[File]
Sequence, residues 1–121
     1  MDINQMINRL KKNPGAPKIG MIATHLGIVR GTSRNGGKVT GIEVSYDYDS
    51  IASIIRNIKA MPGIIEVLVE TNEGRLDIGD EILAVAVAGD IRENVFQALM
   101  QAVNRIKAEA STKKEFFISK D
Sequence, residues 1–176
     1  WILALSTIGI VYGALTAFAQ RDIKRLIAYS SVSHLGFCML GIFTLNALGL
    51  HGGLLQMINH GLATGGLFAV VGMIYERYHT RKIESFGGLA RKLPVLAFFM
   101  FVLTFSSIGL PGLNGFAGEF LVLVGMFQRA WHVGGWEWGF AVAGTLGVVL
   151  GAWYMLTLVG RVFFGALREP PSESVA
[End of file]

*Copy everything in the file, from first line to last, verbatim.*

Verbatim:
Sequence, residues 1–121
     1  MDINQMINRL KKNPGAPKIG MIATHLGIVR GTSRNGGKVT GIEVSYDYDS
    51  IASIIRNIKA MPGIIEVLVE TNEGRLDIGD EILAVAVAGD IRENVFQALM
   101  QAVNRIKAEA STKKEFFISK D
Sequence, residues 1–176
     1  WILALSTIGI VYGALTAFAQ RDIKRLIAYS SVSHLGFCML GIFTLNALGL
    51  HGGLLQMINH GLATGGLFAV VGMIYERYHT RKIESFGGLA RKLPVLAFFM
   101  FVLTFSSIGL PGLNGFAGEF LVLVGMFQRA WHVGGWEWGF AVAGTLGVVL
   151  GAWYMLTLVG RVFFGALREP PSESVA